Seek the Peace of the City: If Not Now, When? | Sojourners

Seek the Peace of the City: If Not Now, When?

Urban Reporter

What would Jesus do with guns?

Would he own guns? Sell guns? Perform miracles and multiply guns for 5,000 people? Would he use guns? Would he ask his followers and disciples to own guns? I’m no expert on the topic of Jesus and guns but I do know Jesus and for this Jesus who encouraged people to “turn the other cheek” and gave encouragement to be “peacemakers,"  my guess is that he wouldn’t be a member of NRA.

I know that Jesus has many names but he is also the “Prince of Peace.” Right?

The sad truth is that guns and violence are no laughing matter.

Today only marks a week and a half since the horrific mass shootings at Sandy Hook Elementary School at Newton, Conn. Even as of today, families are burying children and loved ones. We still can’t make sense of something so senseless.

When the shootings at Columbine took place in 1999 that left 70 shot and ultimately killed 13 people, I heard some pundits explain that we need not fear and that Columbine was going to be an isolated once-in-a-lifetime incident. Since Columbine, there have been 181 shooting at schools across the United States, 61 mass murders since 1982, and six alone here this year including one about three miles from our home that left six people killed on May 30.

I don’t care what you say, we have a problem.

Sick and Tired of Mourning and Weeping

I don’t know about you. I’m sick and tired of mourning, grieving, and weeping.

And while people can go and on in the debates about guns, I’m convinced we can’t just do nothing. What I’m suggesting is not being reactive but rather, to push for commonsense gun regulations.

Last week, I gathered with numerous Seattle religious leaders for a press conference to convey our collective voice against gun violence and assault weapons. Many major group were represented: evangelicals, Catholics, mainliners, Muslims, Sikhs, Hindus, and Jews — mostly everyone except Mayan end-timers.

And for those who would criticize why I, as a Christian leader, would work together with other religious leaders, you can email me at:, but I digress.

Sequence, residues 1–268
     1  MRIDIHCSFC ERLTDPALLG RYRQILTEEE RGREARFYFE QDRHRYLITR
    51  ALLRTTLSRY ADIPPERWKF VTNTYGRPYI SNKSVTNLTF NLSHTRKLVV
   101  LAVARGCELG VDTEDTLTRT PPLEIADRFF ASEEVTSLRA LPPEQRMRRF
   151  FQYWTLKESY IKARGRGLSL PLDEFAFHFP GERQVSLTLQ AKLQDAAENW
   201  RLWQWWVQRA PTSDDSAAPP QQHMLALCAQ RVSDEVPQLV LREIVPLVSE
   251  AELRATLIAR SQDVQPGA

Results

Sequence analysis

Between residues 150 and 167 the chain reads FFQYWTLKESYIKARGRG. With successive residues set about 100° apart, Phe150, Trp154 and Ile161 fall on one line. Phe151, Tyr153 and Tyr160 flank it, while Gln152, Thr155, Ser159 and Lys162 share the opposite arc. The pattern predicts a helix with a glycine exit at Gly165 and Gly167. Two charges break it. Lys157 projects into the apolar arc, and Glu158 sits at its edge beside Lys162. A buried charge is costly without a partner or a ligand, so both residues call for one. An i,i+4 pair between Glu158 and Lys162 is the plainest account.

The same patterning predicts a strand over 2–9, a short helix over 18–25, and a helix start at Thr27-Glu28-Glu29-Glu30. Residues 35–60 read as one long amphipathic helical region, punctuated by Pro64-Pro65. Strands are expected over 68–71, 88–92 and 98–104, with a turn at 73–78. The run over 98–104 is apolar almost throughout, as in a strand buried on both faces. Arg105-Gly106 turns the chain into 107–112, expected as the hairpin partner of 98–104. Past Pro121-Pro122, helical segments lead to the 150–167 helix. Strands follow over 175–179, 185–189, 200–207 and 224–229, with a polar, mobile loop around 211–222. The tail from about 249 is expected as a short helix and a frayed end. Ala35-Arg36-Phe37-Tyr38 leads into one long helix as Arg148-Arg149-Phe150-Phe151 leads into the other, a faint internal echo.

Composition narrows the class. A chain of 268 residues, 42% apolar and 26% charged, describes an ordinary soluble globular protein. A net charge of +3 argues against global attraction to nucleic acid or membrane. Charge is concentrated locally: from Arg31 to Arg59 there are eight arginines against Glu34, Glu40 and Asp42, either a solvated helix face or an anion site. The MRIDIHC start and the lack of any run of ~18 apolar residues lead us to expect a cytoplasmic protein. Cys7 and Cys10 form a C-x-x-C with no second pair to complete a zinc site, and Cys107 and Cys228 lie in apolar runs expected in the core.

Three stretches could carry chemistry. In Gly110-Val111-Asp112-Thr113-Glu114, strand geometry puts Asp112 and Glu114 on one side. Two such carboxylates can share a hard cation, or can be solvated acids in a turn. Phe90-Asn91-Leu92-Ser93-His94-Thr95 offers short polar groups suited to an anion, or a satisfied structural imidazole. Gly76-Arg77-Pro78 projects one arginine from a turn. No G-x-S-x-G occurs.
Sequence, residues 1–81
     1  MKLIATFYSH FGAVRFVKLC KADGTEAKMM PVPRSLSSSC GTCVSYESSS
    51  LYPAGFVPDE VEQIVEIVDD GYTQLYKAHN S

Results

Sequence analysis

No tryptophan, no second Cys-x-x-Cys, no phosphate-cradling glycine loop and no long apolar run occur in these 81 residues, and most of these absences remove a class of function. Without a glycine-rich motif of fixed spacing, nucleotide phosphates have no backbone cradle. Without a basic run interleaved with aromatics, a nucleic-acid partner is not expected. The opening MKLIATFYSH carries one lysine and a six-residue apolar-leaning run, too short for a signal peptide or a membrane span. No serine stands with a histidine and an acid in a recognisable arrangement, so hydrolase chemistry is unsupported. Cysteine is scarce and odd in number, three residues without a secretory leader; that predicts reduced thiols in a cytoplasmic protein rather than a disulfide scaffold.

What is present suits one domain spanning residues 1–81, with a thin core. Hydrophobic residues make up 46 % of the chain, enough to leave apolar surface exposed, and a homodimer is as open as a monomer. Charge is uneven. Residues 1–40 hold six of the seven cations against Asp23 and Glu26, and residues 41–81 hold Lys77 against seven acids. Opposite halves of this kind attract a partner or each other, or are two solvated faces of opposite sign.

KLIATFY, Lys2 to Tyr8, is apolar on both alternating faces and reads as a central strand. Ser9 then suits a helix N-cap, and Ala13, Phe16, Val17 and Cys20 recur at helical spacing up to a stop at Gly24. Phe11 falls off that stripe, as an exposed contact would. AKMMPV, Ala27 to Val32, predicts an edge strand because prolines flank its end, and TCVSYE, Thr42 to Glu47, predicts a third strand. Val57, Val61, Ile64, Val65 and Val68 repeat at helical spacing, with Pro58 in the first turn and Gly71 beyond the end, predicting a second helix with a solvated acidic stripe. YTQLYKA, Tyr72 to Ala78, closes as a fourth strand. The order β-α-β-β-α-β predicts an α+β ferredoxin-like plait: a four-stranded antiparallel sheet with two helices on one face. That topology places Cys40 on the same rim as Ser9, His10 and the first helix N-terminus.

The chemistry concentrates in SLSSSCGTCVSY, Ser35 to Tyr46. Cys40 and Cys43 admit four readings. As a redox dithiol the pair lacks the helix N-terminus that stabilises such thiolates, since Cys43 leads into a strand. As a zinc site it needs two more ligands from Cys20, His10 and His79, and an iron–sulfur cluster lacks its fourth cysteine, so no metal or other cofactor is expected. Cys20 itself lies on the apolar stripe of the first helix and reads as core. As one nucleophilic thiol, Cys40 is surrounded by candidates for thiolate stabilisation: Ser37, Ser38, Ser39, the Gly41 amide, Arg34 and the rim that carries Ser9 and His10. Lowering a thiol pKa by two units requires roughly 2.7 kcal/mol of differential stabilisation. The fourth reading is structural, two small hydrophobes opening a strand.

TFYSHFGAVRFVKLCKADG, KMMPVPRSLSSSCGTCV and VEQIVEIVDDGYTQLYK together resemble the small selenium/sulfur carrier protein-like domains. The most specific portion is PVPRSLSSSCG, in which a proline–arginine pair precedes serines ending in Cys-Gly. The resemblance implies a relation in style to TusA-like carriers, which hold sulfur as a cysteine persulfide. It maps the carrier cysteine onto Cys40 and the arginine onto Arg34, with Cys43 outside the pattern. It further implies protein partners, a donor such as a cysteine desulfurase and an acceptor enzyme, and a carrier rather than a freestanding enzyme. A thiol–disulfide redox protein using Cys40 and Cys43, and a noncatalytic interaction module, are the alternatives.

Sadly, I think I was the only evangelical pastor. For some reason, I think many tend to group us evangelical pastors to those pastors like this one who urged his congregation to “Bring Your Guns to Church Sunday.”

7 Steps We Can Take

Several of us spoke and urged a commitment to the following:

  1. A ban on all assault and assault-style weapons, including a buyback of such weapons.
  2. A ban on large-capacity ammunition magazines.
  3. Universal background checks, including at gun shows
  4. Requirements for trigger locks and safe gun storage.
  5. Microstamping technology on all firearms sold, bought or delivered in the state to improve bullet tracing by law enforcement.
  6. Investment in the state’s mental-health system to promote well-being among those at risk for committing acts of violence.
  7. An end to the glorification of violence in the media and in games played by young people.

Even if all of these might not be possible – immediately – there are some that can and must take place – particularly the ban on all assault weapons and large capacity ammunition magazines. I was particularly intrigued by an op-ed in the Los Angeles Times titled, “A conservative case for an assault weapons ban” – written by Larry Alan Burns, a federal district judge in San Diego.

But if we can’t find a way to draw sensible lines with guns that balance individual rights and the public interest, we may as well call the American experiment in democracy a failure.

There is just no reason civilians need to own assault weapons and high-capacity magazines. Gun enthusiasts can still have their venison chili, shoot for sport and competition, and make a home invader flee for his life without pretending they are a part of the SEAL team that took out Osama bin Laden.